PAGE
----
The hundreds of Burbank residents who have yet to comply with a city ordinance that requires them to remove their wood roofs were given some breathing room this week, 20 years after the law was put on the books.
Homeowners with exposed wood roofs likely now will have two more years to change the roof. A “roof-over” — or wood shingle or shake roof covered by another type of roofing material — is slated to get an eight-year reprieve.
The extensions came just months before a 20-year-old August deadline for the replacements, and are expected to be finalized by the City Council in the coming weeks.
Burbank passed the law to make homes more fire-resistant, and at the time, officials said the turnover rate should coincide with the roughly 20-year life-span of wood shake roofs. But as the deadline approached, homeowners and real estate agents united to protest what they said was an unfair financial burden at a time when many households are struggling to just pay their bills, let alone finance new roofs that could cost $10,000 or more each.
Realtors and fire officials agree that there are still about 120 exposed wood roofs in the city, but disagree on the number of roof-overs left in the city. Fire officials say there about 300 roof-overs in Burbank, but real estate agents say that number could be as high as 5,000.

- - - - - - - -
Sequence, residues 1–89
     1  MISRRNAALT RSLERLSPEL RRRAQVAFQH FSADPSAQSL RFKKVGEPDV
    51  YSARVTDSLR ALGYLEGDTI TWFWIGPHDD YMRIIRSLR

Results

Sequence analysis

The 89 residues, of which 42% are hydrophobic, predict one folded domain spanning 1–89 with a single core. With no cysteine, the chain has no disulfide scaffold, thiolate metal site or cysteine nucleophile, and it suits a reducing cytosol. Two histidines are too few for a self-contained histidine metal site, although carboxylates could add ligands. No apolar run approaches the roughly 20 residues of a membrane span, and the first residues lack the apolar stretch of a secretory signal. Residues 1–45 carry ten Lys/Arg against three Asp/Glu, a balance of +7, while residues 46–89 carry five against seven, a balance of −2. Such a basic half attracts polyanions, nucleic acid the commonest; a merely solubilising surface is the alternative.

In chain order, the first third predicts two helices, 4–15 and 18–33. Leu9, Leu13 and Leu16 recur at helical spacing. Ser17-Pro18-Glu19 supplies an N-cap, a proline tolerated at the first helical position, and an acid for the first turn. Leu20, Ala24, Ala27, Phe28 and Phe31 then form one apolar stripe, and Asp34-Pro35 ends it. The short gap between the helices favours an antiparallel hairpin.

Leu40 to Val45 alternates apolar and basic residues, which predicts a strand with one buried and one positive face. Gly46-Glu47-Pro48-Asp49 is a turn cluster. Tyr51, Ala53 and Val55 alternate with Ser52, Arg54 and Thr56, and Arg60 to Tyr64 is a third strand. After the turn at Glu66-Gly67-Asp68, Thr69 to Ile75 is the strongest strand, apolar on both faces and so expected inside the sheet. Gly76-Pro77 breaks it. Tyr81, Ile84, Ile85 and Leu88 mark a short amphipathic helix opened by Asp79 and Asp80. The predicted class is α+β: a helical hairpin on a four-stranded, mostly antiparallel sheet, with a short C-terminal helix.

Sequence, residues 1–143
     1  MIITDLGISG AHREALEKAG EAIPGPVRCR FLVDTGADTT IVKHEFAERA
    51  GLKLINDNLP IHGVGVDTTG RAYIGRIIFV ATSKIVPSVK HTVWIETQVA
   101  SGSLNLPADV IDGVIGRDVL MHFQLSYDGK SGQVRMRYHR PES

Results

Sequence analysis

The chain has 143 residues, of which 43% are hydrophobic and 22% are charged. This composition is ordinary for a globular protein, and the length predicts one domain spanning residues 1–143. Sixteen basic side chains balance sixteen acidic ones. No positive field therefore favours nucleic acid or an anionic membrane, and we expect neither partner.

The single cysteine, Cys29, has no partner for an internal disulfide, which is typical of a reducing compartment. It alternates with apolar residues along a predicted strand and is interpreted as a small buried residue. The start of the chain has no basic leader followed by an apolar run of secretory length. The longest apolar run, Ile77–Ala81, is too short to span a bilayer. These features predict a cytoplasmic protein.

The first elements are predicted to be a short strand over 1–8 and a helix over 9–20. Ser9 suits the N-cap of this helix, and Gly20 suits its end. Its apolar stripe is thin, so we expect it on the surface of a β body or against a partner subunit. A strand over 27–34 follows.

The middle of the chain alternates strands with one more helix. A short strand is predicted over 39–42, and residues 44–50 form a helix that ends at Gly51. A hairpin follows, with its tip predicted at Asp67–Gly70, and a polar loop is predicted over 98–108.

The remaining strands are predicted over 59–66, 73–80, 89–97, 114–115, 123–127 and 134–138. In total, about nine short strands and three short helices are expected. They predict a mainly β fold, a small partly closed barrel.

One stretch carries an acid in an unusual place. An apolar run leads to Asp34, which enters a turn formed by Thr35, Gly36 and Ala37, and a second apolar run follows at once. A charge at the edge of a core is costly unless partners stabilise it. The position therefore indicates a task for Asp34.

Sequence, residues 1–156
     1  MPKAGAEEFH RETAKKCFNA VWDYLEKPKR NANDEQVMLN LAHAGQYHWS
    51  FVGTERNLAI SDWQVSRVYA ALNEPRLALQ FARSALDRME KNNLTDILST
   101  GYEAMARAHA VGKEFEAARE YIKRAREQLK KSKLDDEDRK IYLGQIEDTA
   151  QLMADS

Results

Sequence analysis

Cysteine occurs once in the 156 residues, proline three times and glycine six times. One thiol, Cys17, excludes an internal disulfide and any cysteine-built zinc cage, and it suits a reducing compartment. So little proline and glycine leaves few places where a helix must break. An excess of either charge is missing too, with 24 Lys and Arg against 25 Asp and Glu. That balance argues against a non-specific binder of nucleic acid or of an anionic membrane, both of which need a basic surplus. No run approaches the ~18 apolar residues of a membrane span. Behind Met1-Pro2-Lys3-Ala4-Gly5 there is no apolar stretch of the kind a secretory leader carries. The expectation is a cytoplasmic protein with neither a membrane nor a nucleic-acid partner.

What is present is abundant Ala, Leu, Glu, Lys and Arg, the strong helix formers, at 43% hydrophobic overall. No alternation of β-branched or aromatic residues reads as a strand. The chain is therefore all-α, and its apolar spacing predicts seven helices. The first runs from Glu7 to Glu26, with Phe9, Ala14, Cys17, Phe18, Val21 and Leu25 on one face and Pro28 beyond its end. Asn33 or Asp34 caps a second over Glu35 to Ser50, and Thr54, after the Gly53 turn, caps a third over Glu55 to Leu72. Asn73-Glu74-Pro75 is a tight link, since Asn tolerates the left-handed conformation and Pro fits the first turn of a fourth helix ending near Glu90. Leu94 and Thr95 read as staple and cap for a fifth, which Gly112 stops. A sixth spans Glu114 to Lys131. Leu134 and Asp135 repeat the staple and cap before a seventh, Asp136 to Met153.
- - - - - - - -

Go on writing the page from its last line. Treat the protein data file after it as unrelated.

“We’re very concerned about seniors on a fixed income, those who lost their jobs or are greatly under-employed,” said Linda Barnes, a board member with the Burbank Assn. of Realtors, one of many representatives who made their cases to the City Council on Tuesday.
With a lack of income and equity for a home loan, complying with the ordinance was difficult, Barnes added.
“It’s even difficult for those who are gainfully employed,” she said.
Realtors also contended that some homeowners had been given permits for roof-overs until 2000, long after the original law had passed.
A city employee from the building and permits department said that beginning in 2000, those seeking permits for a roof-over had to sign a document saying they understood a new roof was required by August 2012. It was not clear if the same disclosures had been made to those seeking roof-overs prior to that.
Barbara Sanchez, a 14-year resident, said she and her family have been “tightening their belts in the last two years” and can not afford a new roof, adding that she had been given estimates of $10,000 to $14,000 for the update.
The extensions were longer than what fire officials had suggested, citing concerns about the ability of wood roofs to withstand flying embers or other fire-starters.
While acknowledging the unique impact of the economy, Fire Chief Ray Krakowski supported a five-year extension on roof-overs, but said exposed wood roofs should adhere to the August deadline.
Owners of homes in the hillsides were required to comply with the ordinance by 2005.
“It’s never a good time to spend $15,000 on a roof,” Mayor Jess Talamantes said at the meeting.